And finally… Red lights used to mark danger zone around construction machinery
Engineering firm Colas has teamed up with construction machinery specialist Highway Service to maximise on site safety by beaming a clear red danger zone around its biggest machines.
Colas believes the system will make a significant difference in terms of on-site safety – preventing accidents and saving lives. The firm’s objective is to reach zero incidents in use of construction machinery and to maximise safety of night-time working on site.
The red zone was inspired by Colas UK. In a drive for ongoing reduction in accidents linked to stringent health and safety measures around the use of high-risk machines, Colas engaged with Highway Service to come up with a way to help keep its staff safe. The Newcastle-based business devised an innovative, cost-effective solution, so that no Colas staff could be in any doubt about danger points around the most high-risk machines. The red beam is a visible warning to operatives that they are in the danger area if they are inside the red line.
Although it has no commercial interest in the system, Colas hopes to see it adopted throughout the industry, and is keen to share this within the international Colas Group, and is delighted other UK contractors are already expressing interest.
Carl Fergusson, CEO at Colas UK, said: “Our approach at Colas is to inspire, pioneer and freely share improvements to safety. Our Colas Group innovation campus outside Paris is devoted to research and puts us at the cutting edge in responding to, or pre-empting, technical and social challenges by fostering the development of new products, processes and techniques.”
Mr Fergusson added: “As a major player in the UK alongside our expertise from the rest of the world, we are keen to foster relationships with other expert UK businesses which create innovative solutions which will be good for the whole industry – not just ourselves. We want to share this technology and are already sign-posting other firms to the developers, Highway Service.”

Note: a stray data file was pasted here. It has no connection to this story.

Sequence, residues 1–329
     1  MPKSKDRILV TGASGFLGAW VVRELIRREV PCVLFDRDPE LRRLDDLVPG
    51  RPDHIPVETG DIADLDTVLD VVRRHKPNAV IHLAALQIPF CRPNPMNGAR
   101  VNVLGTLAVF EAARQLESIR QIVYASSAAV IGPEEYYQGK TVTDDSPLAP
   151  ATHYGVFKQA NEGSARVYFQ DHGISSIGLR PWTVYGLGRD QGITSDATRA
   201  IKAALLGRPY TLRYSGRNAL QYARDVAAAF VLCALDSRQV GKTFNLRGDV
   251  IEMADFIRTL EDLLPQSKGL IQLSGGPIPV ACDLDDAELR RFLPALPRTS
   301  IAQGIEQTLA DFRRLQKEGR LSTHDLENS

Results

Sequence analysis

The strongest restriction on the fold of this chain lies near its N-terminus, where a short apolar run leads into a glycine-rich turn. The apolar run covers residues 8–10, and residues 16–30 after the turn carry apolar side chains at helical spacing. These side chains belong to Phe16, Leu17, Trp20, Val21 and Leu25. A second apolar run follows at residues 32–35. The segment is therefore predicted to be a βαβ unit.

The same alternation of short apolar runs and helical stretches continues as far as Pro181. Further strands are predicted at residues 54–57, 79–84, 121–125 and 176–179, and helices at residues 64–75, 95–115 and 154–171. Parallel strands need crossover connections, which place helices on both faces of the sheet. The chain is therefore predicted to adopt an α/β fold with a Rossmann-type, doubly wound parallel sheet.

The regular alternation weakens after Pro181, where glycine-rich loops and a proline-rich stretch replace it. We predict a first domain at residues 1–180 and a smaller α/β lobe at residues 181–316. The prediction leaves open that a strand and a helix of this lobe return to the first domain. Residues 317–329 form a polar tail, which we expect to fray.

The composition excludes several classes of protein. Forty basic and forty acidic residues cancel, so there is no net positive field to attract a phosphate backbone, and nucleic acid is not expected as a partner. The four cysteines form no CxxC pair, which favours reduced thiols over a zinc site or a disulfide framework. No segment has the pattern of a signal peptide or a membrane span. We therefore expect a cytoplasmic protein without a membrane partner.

Working with Colas operational teams, Highway Service took existing technology and developed it to create an unmistakable LED-lit red zone around the Colas construction machines. Throwing a light cordon around pavers and rollers leaves Colas staff in no doubt where workers and vehicles should be – and where they should not venture.
The system uses LED lights located on top of the machine or on the canopy. At night, these throw a clear red box around the vehicle, marking out a solid red line around the sides of the machine to a standard distance of two metres. This can be extended to match the size of the paving activity at the rear of the machine with a five metre clearance at the back in the case of pavers. This can be both front and back in the case of other big machines. The system also includes blue arrow lights, which make clear to the roller drivers the extent of the exclusion zone at the rear of the paver.
Highway Service experimented with different methods and used the LED lights because lasers are potentially harmful to sight. Only designated and authorised operatives should be in the zone and could be either inside or out as detailed in the site personnel’s Risk Assessments and Method Statements.
Highway Service has recently finished installing its safety system on all Colas vehicles operating out of the firm’s Newcastle depot.
Lee Corbett of Highway Service said: “We have been delighted to work closely with Colas on this project and we are really pleased with the results.”
Mr Fergusson added: “This type of knowledge transfer and collaboration in our industry is a strong example of the new direction of Colas in the UK, underpinned by our commitment to a safe, quality operational environment for our workforce.”